Name: Glenn Peister
Hometown: Kitchener, Ont.
Born: 1927
Company: McLean-Peister Ltd.
Volunteer Record: First LO and OCLA president
Awards: Certificate of Appreciation

Graduates in 1950

Glenn received his B.S.A. degree in 1950, from the Ontario Agricultural College in Guelph. With his partner Don McLean, they began business in Guelph in 1950 and then created the Kitchener head office in 1952, where it remains today.

Don McLean passed away on June 15, 2014 in his 87th year. Like Glenn, Don also graduated in 1950 with a Bachelor of Science in Agriculture from O.A.C.

The early years saw McLean-Peister offer a garden centre and residential landscaping services.

The company then began to move into commercial and industrial projects landing some huge commercial and industrial contracts, such as Expo ‘67. The company later went on to purchase area farms to develop subdivisions.

Glenn Peister is very proud of the fact that he has fostered at least 30 employees who later went on to start their own companies. He is also proud of the many long-term relationships with staff, many of whom have contributed 30-years service and more.

As a testament to the shared commitment of employer/employee relations, Glenn speaks fondly of Carlos Paiva. “Upon immigrating to Canada in 1968, Carlos became a highly accomplished superintendent, who remarkably continues at age 76 to provide invaluable service to the company.

As the company continued to grow and prosper, McLean-Peister evolved into a general contracting firm completing countless institutional, commercial and industrial projects. Some of the projects of note include Expo ‘67 in Montreal, the Sudbury Taxation Centre, York University campus, University of Guelph campus, Ottawa Art Gallery, Stratford Education and Recreation Complex, Carling Brewery plant at 401/427, many municipal sports complexes and golf course construction projects including Lionhead, Barrie National Pines and the City of Toronto municipally-owned golf courses. Glenn enjoyed the good relations that he established with many clients and landscape architectural consultants over the years.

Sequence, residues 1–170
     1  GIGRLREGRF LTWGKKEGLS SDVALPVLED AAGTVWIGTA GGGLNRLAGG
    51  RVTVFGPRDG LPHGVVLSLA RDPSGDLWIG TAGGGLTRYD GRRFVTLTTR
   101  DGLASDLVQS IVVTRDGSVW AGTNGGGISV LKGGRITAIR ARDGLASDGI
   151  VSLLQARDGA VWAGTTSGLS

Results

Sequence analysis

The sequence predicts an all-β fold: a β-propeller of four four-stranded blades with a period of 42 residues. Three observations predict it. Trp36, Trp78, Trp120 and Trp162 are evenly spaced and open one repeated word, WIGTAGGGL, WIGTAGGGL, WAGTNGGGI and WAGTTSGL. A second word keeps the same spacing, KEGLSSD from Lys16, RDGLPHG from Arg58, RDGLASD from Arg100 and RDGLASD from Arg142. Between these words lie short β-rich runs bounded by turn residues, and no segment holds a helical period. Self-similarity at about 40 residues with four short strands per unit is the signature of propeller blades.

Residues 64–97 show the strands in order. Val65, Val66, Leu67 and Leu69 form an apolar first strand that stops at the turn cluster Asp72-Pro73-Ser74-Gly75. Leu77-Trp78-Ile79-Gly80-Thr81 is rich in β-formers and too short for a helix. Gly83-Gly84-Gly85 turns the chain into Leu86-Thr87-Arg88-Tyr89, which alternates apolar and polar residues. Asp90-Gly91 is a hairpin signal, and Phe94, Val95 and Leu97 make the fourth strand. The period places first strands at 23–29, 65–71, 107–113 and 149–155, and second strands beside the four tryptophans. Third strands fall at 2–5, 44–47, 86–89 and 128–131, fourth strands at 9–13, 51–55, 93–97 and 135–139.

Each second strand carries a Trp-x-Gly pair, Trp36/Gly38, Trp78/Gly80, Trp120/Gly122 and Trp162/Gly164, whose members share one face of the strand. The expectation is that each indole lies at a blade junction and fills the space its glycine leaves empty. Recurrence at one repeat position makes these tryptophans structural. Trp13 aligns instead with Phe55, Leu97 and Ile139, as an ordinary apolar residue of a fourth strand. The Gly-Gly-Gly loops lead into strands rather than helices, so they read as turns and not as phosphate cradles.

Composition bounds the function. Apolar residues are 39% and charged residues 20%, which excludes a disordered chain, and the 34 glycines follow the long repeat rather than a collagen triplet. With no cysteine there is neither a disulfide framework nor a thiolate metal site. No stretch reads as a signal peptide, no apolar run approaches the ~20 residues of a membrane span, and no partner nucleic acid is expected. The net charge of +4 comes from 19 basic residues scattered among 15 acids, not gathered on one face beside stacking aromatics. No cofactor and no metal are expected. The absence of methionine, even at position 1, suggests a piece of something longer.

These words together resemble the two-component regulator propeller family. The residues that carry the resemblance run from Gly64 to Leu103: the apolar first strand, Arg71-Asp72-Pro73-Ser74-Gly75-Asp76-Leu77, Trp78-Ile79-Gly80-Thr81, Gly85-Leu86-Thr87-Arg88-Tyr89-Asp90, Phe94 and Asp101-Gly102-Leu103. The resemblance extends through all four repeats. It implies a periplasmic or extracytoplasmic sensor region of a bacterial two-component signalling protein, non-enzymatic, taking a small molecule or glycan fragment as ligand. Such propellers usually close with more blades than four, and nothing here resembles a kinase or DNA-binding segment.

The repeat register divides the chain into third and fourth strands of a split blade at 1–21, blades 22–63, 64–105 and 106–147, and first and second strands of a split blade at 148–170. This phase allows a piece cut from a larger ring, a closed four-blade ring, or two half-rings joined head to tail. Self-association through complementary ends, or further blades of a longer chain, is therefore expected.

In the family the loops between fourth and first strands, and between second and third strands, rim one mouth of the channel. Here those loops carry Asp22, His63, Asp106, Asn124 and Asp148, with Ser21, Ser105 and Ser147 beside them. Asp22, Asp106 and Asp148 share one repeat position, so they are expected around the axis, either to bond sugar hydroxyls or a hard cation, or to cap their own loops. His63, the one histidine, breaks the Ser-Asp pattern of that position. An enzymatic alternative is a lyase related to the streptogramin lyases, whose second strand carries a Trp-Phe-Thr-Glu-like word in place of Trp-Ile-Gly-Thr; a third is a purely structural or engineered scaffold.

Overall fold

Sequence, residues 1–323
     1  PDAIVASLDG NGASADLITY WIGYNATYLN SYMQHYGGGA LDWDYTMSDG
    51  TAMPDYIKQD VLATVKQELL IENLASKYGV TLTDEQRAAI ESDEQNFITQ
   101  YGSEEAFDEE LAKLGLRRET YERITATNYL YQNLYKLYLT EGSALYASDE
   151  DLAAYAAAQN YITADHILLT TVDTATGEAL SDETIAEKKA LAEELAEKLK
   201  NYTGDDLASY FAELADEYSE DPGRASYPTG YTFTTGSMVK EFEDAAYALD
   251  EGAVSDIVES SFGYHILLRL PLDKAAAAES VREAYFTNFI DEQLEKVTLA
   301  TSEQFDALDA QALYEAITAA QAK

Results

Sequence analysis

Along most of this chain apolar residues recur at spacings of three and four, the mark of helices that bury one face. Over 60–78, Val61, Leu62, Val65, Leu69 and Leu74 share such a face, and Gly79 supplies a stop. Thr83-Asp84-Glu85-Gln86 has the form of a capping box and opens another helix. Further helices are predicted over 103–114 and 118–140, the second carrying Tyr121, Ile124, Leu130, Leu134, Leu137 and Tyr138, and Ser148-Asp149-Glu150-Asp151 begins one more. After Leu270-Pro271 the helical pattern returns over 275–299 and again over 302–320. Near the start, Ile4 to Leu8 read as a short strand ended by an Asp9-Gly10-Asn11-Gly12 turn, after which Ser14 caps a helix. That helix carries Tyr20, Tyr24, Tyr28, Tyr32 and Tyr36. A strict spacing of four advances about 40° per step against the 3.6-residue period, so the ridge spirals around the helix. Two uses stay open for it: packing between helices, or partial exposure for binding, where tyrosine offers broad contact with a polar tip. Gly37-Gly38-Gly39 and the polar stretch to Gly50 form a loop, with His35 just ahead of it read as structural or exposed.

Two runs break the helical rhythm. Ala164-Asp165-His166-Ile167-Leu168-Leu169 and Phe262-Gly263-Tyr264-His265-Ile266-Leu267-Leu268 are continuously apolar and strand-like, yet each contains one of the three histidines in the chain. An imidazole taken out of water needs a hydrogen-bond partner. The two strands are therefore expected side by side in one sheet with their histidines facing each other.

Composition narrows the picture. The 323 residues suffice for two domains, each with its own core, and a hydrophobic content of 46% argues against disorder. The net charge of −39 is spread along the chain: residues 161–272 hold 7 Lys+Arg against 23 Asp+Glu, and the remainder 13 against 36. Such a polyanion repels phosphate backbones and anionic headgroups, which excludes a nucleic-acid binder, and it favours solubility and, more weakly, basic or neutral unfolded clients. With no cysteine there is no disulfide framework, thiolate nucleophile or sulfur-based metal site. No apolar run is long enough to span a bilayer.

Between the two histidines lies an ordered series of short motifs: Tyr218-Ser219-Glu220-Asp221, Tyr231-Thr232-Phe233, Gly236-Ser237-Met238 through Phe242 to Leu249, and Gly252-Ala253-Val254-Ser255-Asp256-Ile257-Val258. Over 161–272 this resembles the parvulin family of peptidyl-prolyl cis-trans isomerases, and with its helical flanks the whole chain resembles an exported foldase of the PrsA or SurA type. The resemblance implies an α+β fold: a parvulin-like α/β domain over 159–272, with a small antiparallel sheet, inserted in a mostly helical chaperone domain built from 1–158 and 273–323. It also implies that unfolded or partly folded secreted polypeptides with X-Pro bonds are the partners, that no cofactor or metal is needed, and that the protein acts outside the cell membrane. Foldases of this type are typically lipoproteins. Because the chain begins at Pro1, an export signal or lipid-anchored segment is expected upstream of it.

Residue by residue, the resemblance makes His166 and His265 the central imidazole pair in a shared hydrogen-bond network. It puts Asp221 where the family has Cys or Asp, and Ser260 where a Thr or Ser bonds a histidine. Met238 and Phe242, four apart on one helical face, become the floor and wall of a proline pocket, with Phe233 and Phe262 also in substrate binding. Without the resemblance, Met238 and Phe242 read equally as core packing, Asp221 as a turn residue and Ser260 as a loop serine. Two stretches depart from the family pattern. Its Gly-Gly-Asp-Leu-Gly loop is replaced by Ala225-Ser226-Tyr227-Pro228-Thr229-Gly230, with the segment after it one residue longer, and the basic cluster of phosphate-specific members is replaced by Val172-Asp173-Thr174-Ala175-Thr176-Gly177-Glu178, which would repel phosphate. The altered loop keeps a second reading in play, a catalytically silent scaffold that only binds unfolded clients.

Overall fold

Glenn led the company to diversify into large scale sod production and caliper tree farming with farms located in Breslau and Tavistock. These ancillary operations supplied sod and plant material for many of the contracts on which the company was the successful bidder.

Succession is also of paramount importance in the longevity of any firm. The company is now in the capable hands of Glenn’s eldest son, Al Peister and Glenn’s son-in-law Don Stalkie. They have been given the task of continuing Glenn’s legacy of careful planning, astute decision making and good husbandry. The third generation, in the form of Glenn’s grandsons, Brandon Peister and Fraser Stalkie have assumed active management positions within the company. Like Glenn, the MP management team remains focused on the future.

The McLean-Peister Group of Companies currently own and manage Innerkip Highlands Golf Club and Merry Hill Golf Club. Other business activities include residential and commercial real estate holdings and consumer storage operations.

Although Glenn no longer keeps regular office hours at McLean-Peister, when asked if he still contributes, he answers with a smile, “I like to think so!”
  old photo of a man accepting a certificate from another manGlenn Peister and Casey van Maris, 1973.

Impressive sports achievements

Creating successful companies and associations aren’t the only highlights in Glenn Peister’s life. His list of sports and political achievements is a long one. It’s all part of the many ingredients that make Glenn a very interesting man. His list of championships includes boxing, wrestling, squash and golf on provincial, national and international levels.

A Buffalo, NY newspaper article, dated December 10, 1948, states, “At 136, Sam Licata was pinned with a hammerlock by Glenn Peister of OAC.” The win helped the Ontario OAC team defeat Buffalo at the meet.